Brighton Fringe 2017
Festival: Brighton Fringe
One soldier’s story of coping with Post Traumatic Stress Disorder. After serving in Iraq and Afghanistan, Tommy Atkin’s observations on life on Civvy Street are poignant, frequently comic and always moving. His over-emotional responses to post office queues, a trip to Ikea, his relationships and family lead to alienation and anger.
In our society, most people are assumed to be normal unless proven otherwise. Tommy Atkin’s only desire is to find such normality; having recently left the army following tours of Iraq and Afghanistan. Yet normality is as elusive as a mirage in the Iraqi desert for this ex-soldier; as underneath the oft calm exterior lurks a traumatised individual whose anger cannot be contained. Yet he feels it is the errors of those around him that drives him to such rage and he cannot perceive that it is he that is the cause of the problem. Relationships with other people, which he craves, sadly prove to be impossible.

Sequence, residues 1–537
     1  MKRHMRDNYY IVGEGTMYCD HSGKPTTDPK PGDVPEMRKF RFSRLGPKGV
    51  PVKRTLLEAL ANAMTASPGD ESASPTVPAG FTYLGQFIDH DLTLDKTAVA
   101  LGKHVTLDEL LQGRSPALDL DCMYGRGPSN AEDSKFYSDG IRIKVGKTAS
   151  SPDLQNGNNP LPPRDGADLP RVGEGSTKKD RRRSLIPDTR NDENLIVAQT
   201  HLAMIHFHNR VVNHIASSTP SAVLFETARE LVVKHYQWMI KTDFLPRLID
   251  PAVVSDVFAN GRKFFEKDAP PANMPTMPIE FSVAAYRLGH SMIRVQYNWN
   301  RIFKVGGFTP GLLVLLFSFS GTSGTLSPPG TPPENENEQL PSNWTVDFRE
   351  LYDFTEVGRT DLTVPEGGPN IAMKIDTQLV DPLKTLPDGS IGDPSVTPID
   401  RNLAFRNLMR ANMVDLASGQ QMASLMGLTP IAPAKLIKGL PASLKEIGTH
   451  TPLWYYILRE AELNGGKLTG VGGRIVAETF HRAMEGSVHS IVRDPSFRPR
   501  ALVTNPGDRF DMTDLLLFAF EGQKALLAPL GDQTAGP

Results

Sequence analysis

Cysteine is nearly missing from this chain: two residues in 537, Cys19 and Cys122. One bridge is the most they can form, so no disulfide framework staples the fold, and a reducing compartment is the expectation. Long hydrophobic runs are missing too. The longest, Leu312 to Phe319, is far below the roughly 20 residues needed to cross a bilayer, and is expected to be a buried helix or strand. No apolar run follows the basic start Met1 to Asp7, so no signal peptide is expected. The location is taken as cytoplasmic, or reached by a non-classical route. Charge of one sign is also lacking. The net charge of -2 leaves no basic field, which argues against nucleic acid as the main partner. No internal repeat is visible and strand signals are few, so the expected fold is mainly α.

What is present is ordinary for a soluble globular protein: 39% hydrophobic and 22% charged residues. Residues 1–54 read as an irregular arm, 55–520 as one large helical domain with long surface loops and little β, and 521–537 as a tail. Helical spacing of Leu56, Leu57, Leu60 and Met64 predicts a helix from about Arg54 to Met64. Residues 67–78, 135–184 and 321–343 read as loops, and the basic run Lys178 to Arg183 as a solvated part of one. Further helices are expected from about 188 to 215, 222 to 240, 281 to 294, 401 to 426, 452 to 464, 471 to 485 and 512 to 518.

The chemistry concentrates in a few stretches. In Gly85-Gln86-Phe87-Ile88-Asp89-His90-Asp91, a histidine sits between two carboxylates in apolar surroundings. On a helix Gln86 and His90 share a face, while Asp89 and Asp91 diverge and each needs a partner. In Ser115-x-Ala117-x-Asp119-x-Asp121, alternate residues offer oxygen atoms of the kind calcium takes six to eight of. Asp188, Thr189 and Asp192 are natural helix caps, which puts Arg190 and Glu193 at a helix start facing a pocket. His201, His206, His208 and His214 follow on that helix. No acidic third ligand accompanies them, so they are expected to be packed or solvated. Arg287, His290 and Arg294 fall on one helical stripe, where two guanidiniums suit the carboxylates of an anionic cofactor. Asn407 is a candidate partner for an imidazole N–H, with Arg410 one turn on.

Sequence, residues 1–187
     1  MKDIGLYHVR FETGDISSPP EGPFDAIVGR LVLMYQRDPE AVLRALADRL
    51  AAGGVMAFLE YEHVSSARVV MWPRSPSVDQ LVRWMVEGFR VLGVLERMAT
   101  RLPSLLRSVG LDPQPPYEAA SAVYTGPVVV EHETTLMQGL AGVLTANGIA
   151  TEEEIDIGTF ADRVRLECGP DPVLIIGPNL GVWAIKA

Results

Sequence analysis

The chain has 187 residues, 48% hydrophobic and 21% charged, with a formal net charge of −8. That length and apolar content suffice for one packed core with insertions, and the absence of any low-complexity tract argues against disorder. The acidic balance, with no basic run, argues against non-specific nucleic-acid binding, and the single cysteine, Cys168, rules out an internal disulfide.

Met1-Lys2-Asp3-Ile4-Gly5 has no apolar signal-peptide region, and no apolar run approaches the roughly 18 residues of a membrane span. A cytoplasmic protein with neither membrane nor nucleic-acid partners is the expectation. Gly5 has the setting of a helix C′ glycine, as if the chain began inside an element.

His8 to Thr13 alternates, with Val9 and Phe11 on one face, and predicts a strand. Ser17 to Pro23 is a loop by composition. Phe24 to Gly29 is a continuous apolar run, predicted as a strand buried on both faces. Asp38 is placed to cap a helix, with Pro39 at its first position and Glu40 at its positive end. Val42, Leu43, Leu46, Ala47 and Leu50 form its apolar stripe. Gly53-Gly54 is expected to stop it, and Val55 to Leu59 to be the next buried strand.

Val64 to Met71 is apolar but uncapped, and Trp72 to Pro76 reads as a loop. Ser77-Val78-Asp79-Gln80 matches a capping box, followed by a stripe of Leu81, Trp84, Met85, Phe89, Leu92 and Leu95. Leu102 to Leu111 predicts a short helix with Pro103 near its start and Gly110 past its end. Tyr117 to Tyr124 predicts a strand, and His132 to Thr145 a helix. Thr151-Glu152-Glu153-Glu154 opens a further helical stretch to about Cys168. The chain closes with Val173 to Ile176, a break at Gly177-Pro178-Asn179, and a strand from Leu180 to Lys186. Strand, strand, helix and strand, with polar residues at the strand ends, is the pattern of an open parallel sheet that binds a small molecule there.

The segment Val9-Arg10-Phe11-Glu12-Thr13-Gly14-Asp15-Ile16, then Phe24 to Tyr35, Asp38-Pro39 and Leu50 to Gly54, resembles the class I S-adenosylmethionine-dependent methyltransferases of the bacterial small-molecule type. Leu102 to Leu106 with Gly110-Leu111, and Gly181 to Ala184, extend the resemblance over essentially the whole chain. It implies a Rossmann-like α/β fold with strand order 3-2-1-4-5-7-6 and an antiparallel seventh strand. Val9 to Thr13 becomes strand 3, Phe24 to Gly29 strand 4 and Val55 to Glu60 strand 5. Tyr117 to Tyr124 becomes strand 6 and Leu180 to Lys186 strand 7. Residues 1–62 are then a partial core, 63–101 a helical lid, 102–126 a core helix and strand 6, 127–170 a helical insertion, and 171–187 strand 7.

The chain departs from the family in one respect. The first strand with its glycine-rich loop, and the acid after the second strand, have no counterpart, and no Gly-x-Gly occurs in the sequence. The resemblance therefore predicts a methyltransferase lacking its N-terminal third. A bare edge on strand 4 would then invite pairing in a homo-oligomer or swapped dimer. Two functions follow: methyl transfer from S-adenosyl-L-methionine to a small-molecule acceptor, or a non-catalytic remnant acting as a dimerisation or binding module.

During the First World War it was first recognised that long exposure to combat situations can sometimes lead ‘Shell Shock’ or what is now known as PTSD. All too often, back then it was frequently overlooked by commanders in the field who executed individuals who no longer felt they could with ‘go over the top’.
Today however, there still remains something of a stigma regarding mental illness, which is slowly being challenged, and it is only in recent years that the MOD have begun to take this matter seriously. Yet sadly, it is still the role of charities like Combat Stress that are left to pick up the pieces of the lives of so many affected individuals.
Dark, witty, poignant and chaotic, Neil Watkins original book is written from his own experiences and those of his fellow comrades and has been well scripted for this stage version by Tim Marriott who also directs. Tom Page provides a mesmerising performance as Tommy Atkins who holds the concentration of the audience from the first to the last moment. His delivery is direct and strong and although occasional words are lost in the sheer speed of his delivery, his projection is excellent.
On a personal note, my grandfather whom I never met, took his own life following years in the trenches of the First World War, which has cast a shadow over our family to this very day. It is the view of many that more must be done to help the soldiers who have lived through such excessive trauma and if just one ex-soldier is encouraged to seek assistance, having seen this production, this play is well worth the performing. This show will set you pondering on matters relating to armed combat and could prove a catalyst for many.